In the picture, we can see how Bayern Munich’s wingers are positioned at the edges of the box forcing the defence to stay narrower and being closer to their striker. The full-backs used the space that was left on the flanks for runs behind the Zvezda’s defensive line and supplied their offensive players with passes from those positions.
When Milojević’s team wasn’t positioned that low in the block, the home team tried to skip the play with the long balls also addressed to the sidelines where one of the wide defenders was positioned. Kimmich was a very important player once again because he provided width as much as he helped in the midfield, and was one of the main chance creators for the Germans.
The same situation as the one shown above happened commonly with Hernandez on the left-hand side. The Frenchman had great communication with Perišić and they often created “2v1s” against Marko Gobeljić from which they often got out as winners and sent the balls into the box and created scenarios from which their team was the most dangerous.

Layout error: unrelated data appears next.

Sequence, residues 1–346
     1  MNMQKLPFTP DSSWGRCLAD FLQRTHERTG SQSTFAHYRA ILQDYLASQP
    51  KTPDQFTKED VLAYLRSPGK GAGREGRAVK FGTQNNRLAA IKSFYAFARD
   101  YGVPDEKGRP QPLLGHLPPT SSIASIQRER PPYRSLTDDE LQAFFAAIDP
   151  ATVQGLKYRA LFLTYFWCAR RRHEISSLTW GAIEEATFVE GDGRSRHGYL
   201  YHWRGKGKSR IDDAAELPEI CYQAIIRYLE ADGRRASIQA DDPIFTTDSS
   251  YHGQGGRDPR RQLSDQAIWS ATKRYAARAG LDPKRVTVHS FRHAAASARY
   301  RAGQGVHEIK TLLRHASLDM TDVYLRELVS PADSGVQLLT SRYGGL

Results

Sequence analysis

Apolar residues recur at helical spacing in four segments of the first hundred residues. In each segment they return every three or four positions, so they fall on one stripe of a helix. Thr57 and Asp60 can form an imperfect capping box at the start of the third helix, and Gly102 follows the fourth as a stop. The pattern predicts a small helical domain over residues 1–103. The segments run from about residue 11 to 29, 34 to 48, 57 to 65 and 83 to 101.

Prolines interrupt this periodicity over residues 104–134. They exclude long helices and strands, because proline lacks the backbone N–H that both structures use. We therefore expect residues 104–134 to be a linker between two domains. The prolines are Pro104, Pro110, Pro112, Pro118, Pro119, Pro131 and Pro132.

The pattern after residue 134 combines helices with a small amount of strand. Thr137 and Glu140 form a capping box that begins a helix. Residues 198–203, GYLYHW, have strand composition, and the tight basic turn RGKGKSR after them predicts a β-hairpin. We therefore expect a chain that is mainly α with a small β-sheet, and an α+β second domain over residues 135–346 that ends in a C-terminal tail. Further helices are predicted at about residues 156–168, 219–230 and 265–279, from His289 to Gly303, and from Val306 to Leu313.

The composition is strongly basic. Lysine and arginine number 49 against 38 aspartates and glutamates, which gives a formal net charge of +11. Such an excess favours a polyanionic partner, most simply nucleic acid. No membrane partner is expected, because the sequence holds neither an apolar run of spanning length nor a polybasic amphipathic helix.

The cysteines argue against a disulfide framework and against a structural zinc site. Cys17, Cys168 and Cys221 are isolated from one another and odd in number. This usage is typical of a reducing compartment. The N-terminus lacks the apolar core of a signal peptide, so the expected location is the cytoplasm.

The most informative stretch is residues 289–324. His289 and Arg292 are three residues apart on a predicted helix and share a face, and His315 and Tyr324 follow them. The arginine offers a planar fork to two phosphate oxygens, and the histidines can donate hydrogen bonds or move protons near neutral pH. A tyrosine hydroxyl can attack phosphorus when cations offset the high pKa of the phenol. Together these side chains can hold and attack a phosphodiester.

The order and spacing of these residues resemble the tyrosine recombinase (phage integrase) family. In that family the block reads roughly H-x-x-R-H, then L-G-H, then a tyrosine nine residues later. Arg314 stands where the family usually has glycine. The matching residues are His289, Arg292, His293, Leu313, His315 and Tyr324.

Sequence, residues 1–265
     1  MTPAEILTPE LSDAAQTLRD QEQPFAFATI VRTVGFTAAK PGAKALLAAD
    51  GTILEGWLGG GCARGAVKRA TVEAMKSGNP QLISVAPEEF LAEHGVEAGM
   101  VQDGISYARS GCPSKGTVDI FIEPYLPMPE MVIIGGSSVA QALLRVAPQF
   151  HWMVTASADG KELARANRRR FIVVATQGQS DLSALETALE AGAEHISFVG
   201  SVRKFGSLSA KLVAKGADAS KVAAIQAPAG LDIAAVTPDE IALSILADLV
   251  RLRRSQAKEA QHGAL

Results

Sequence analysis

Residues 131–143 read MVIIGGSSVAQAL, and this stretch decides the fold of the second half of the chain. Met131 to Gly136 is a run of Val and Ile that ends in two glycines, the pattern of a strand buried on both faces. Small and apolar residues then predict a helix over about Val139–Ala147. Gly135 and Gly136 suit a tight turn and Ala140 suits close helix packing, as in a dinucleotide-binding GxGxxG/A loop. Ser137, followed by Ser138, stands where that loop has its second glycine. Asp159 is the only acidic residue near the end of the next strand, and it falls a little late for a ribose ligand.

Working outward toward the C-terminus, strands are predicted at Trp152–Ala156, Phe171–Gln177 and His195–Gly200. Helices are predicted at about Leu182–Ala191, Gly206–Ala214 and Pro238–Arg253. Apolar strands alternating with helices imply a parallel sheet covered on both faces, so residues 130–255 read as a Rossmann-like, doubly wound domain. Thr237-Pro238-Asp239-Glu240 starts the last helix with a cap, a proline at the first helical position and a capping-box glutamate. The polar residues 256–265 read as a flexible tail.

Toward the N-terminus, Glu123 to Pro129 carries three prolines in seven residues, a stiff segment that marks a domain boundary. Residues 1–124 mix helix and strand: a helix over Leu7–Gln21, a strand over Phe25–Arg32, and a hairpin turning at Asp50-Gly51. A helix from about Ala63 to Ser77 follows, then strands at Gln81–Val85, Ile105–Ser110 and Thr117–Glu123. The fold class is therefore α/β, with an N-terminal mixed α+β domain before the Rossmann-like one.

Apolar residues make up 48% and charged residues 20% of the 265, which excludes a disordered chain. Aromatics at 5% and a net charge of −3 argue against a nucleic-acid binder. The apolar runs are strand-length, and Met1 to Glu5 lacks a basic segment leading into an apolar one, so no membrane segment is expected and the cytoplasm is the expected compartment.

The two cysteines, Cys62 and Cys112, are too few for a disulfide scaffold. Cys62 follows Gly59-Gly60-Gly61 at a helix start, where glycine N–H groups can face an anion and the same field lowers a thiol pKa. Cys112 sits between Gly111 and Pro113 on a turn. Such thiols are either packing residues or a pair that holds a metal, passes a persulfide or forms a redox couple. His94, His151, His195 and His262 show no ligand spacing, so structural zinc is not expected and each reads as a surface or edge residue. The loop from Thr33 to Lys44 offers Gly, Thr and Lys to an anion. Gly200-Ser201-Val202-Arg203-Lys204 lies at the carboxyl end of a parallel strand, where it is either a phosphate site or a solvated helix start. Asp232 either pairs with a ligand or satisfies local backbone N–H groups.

Winning the half-space battle
Between-the-line play is surely one of the most important things in today’s football and Munich team managed to overpower the visitors in that segment of the game. The attacking side of their team was free in motions as they tended to find the gaps within Red Star’s defence and midfield from which they could get the balls to Lewandowski, or sent it to the players next to the flanks.
The space in inner corridors was tough to find for them due to the density of Milojević’s team’s block but the wingers and the striker of Bayern succeeded in exploiting those rooms with their good movements and communication. Lewandowski was frequently the one who pulled himself in the half-spaces, while the midfielders would go higher up the pitch to fill his empty spot at the edge of the box.
As we can see, Tolisso went out of his position so he could play as a false striker while the Pole was positioned closer to the right-handed flank providing the support to his team-mates in that zone of the pitch. Those overloads often created more room in the central areas of the pitch, so Bayern could play more directly through the middle.